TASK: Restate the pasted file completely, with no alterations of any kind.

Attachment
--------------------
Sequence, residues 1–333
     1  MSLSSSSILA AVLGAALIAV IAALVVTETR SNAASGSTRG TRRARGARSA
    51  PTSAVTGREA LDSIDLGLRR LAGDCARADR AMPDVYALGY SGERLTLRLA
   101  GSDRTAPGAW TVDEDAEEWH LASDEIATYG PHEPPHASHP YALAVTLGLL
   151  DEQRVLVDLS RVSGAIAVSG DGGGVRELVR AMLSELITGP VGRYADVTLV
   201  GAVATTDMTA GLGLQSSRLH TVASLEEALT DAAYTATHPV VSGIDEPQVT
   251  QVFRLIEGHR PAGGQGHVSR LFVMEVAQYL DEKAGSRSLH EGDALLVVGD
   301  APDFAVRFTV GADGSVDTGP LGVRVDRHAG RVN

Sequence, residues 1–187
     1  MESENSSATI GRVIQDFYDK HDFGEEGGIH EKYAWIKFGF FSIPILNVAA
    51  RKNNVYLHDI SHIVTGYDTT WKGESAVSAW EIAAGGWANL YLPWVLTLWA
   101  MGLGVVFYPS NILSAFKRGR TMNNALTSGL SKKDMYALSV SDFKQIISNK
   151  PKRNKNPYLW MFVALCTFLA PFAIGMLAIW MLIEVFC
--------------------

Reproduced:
Sequence, residues 1–333
     1  MSLSSSSILA AVLGAALIAV IAALVVTETR SNAASGSTRG TRRARGARSA
    51  PTSAVTGREA LDSIDLGLRR LAGDCARADR AMPDVYALGY SGERLTLRLA
   101  GSDRTAPGAW TVDEDAEEWH LASDEIATYG PHEPPHASHP YALAVTLGLL
   151  DEQRVLVDLS RVSGAIAVSG DGGGVRELVR AMLSELITGP VGRYADVTLV
   201  GAVATTDMTA GLGLQSSRLH TVASLEEALT DAAYTATHPV VSGIDEPQVT
   251  QVFRLIEGHR PAGGQGHVSR LFVMEVAQYL DEKAGSRSLH EGDALLVVGD
   301  APDFAVRFTV GADGSVDTGP LGVRVDRHAG RVN

Sequence, residues 1–187
     1  MESENSSATI GRVIQDFYDK HDFGEEGGIH EKYAWIKFGF FSIPILNVAA
    51  RKNNVYLHDI SHIVTGYDTT WKGESAVSAW EIAAGGWANL YLPWVLTLWA
   101  MGLGVVFYPS NILSAFKRGR TMNNALTSGL SKKDMYALSV SDFKQIISNK
   151  PKRNKNPYLW MFVALCTFLA PFAIGMLAIW MLIEVFC